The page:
Skill most mas­terly

Country Life Every Week - - Town & Country -

OUR fra­ter­nal com­pli­ments go to the Mas­ter Carvers’ As­so­ci­a­tion (MCA), which, like COUN­TRY LIFE, cel­e­brates its 120th an­niver­sary this year. The MCA is, in fact, a few months younger than we are, as it was founded on Novem­ber 11, 1897, bring­ing to­gether the heads of 14 firms that em­ployed ‘wood and stone carvers, sculp­tors, mod­ellers, ma­sons, join­ers and fi­brous plas­ter­ers’. The old­est of them, John Day­mond & Son, founded in 1853, had 50 wood­carvers on its books as well as ‘a small army’ of the other trades.

In the early years, it was very much an em­ploy­ers’ group con­cerned with ar­rang­ing wages rates, ex­penses and so on with their em­ploy­ees, but al­though the mod­ern mem­bers may em­ploy as­sis­tants and take on ap­pren­tices, they’re likely to be artist-crafts­men rather than large busi­nesses. Over these years, they have in­cluded many dis­tin­guished sculp­tors, of­ten work­ing with lead­ing ar­chi­tects, and as well as pro­duc­ing their own work for orig­i­nal com­mis­sions, the wood­carvers are an im­por­tant el­e­ment in the restora­tion of his­toric fur­ni­ture, not least for the Royal Palaces.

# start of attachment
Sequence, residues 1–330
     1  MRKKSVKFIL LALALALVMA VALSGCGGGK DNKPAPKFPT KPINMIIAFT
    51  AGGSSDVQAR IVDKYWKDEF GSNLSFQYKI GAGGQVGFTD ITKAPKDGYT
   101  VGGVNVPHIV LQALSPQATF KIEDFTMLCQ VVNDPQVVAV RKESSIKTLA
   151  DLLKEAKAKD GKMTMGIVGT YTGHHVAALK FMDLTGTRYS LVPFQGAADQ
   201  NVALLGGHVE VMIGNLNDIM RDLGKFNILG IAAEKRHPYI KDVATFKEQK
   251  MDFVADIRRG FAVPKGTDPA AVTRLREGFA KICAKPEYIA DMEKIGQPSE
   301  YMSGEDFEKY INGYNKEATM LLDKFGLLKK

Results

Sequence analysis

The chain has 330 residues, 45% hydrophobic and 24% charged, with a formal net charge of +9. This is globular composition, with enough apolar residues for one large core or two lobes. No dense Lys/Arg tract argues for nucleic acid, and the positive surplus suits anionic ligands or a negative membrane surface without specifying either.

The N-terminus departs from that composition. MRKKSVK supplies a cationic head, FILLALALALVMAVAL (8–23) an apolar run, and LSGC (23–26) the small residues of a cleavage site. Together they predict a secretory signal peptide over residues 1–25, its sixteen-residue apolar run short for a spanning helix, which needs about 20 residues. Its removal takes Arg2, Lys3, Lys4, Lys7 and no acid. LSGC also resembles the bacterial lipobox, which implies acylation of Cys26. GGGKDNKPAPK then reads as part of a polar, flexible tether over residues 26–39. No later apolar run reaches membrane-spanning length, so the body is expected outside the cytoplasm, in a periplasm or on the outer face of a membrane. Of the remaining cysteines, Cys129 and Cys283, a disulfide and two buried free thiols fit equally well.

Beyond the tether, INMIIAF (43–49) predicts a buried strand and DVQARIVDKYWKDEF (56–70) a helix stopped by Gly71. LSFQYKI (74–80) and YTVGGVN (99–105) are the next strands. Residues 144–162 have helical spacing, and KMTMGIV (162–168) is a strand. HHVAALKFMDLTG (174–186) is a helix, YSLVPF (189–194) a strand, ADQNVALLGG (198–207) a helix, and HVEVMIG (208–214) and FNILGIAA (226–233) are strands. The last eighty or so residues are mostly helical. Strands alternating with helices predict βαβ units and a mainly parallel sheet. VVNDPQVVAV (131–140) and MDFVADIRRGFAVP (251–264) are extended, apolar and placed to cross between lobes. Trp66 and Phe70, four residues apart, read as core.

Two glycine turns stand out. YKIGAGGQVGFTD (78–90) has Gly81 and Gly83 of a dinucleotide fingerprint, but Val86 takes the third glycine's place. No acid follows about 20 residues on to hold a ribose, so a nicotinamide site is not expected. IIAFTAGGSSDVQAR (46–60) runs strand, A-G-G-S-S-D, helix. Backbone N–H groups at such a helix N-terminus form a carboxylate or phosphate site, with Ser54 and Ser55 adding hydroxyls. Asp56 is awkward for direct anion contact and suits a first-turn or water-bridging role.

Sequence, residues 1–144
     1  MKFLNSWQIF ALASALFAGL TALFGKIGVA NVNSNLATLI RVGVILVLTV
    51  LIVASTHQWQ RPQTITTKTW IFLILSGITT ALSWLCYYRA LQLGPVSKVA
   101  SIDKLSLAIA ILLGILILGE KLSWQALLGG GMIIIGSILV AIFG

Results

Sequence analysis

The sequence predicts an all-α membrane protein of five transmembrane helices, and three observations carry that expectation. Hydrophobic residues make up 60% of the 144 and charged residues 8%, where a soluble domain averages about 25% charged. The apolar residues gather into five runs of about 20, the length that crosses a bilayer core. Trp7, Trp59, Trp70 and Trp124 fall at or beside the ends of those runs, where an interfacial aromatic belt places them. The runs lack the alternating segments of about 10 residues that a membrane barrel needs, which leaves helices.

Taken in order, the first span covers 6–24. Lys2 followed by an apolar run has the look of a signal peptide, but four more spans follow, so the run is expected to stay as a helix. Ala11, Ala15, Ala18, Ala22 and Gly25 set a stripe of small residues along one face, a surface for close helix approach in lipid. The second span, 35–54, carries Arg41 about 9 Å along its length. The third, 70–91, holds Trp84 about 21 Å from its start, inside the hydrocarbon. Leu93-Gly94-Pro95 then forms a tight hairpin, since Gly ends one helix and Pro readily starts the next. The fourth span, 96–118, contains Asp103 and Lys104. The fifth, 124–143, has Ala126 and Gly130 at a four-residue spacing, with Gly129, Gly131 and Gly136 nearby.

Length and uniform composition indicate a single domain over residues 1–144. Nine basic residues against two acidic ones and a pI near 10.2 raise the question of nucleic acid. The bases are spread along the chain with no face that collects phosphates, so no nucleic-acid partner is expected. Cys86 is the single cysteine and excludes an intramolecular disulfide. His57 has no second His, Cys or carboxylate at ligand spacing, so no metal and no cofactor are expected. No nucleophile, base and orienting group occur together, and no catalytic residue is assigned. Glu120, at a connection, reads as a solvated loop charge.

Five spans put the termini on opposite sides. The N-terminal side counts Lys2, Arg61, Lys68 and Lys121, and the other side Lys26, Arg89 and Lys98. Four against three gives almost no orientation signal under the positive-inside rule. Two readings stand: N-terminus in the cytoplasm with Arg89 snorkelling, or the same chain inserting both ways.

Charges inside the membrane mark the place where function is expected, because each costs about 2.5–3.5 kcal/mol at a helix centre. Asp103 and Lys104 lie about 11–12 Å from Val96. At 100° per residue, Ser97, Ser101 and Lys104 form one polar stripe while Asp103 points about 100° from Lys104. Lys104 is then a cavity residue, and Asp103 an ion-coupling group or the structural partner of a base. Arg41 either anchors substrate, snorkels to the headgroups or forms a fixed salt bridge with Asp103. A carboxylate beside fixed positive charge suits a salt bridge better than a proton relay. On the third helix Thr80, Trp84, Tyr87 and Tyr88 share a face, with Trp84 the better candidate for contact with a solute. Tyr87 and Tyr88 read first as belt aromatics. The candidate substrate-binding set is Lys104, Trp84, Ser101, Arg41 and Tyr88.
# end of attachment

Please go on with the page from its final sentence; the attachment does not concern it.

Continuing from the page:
The As­so­ci­a­tion pro­motes the high­est stan­dards and is, in some ways, the carv­ing equiv­a­lent of the Royal Academy. Per­haps a royal ac­co­lade would not be out of place for the MCA, too. Huon Mal­lalieu

River God by Tom Brown

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